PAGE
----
Macron says French troops will stay in New Caledonia ‘as long as necessary’

France’s president is visiting the Pacific territory where electoral reform plans have fuelled the worst unrest in more than 30 years.

three men in suits meet
Macron met key New Caledonian officials on Thursday [Ludovic Marin/Pool via AP Photo]

French President Emmanuel Macron has said French soldiers will remain in New Caledonia “as long as necessary” after more than a week of unrest triggered by French plans to change electoral rules in the Pacific island territory.

Macron arrived in New Caledonia’s capital Noumea on Thursday, amid continuing protests over voting reforms the Indigenous Kanak people say would dilute their vote and undermine their struggle for independence.

The reforms would allow French people who have lived in New Caledonia for 10 years or more to vote in New Caledonia’s provincial elections.

About 3,000 soldiers have been sent from Paris since the violence began and could stay until the Olympic Games in Paris, which begin on July 26, Macron said.

Six people, including three young Kanaks, have been killed and about 280 people arrested since the protests broke out and a state of emergency was declared.

Macron observed a minute of silence for the people who had been killed and said if roadblocks and barricades were removed, he would be opposed to extending the state of emergency.

The French president also met the pro-independence President of the Government of New Caledonia Louis Mapou and the President of Congress Roch Wamytan, in a meeting at the residence of France’s high commissioner to New Caledonia in Noumea on Thursday.

Macron flew about 17,000km (10,500 miles) from mainland France to reach Noumea and was expected to remain in New Caledonia for around 12 hours.

Demonstrators waving New Caledonian flags lined the streets as the French president’s convoy made its way along the newly reopened road from the international airport to Noumea.

“I don’t know why our fate is being discussed by people who don’t even live here,” said Mike, a 52-year-old Kanak at a roadblock north of the capital, on the eve of Macron’s arrival.

people hold brightly coloured flags on a tropical street
People demonstrate as French President Emmanuel Macron’s motorcade drives past in Noumea in France’s Pacific territory of New Caledonia on Thursday [Ludovic Marin/Pool via AFP]

About 90 barricades put up by protesters had been cleared by heavily armed police and paramilitaries, but new barricades were still appearing the night before Macron arrived, according to the Reuters news agency.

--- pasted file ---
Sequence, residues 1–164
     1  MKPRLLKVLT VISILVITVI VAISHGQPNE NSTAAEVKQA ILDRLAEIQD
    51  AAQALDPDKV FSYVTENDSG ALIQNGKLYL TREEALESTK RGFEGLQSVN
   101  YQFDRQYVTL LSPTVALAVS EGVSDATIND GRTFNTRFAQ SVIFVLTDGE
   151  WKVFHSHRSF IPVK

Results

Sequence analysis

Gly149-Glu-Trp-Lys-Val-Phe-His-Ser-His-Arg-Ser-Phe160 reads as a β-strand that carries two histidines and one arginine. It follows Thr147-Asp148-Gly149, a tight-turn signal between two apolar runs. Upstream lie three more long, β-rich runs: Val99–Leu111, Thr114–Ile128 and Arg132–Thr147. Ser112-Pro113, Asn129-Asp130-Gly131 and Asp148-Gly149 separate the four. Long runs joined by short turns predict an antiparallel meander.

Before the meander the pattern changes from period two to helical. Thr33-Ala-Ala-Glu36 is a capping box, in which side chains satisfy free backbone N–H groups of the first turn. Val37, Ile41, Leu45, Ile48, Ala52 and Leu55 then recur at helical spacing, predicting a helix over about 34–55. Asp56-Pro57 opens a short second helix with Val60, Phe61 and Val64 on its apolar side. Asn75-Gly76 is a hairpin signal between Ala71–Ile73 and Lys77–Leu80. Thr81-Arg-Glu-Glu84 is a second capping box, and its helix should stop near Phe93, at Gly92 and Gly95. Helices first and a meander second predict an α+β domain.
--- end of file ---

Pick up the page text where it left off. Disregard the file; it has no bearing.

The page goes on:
Jimmy Naouna, from the Kanak and Socialist National Liberation Front (FLNKS) of New Caledonia, said the pro-independence political party had called for protesters to remove the roadblocks, and urged Macron to drop the electoral reform plan.

“We are expecting if [Macron] travels to Kanaky, he will make some strong announcement that he is withdrawing this electoral bill, but if he is just coming here as a provocation, that might just turn bad,” Naouna said ahead of the French president’s arrival, using the island’s Indigenous name.

The Kanaks make up about 40 percent of the slightly more than 300,000 people who live in New Caledonia, which lies between Australia and Fiji in the Pacific Ocean.

In 1998, France agreed to cede the territory more political power and to limit voting in New Caledonia’s provincial and assembly elections to those who were residents of the island at the time, under the so-called Noumea Accord.

About 40,000 French citizens have moved to New Caledonia since 1998, and the changes expand the electoral roll to include those who have lived in the territory for 10 years.

The Noumea Accord also included a series of three independence referendums, with the last one taking place in December 2021 at the height of the COVID-19 pandemic. Pro-independence groups boycotted the vote, which backed remaining in France, and rejected the result.

Last week, French Interior Minister Gerald Darmanin told the TV channel France 2 that Azerbaijan, alongside China and Russia, were “interfering” in New Caledonia.

“I regret that some of the Caledonian pro-independence leaders have made a deal with Azerbaijan,” Darmanin claimed.

Source: Al Jazeera and news agencies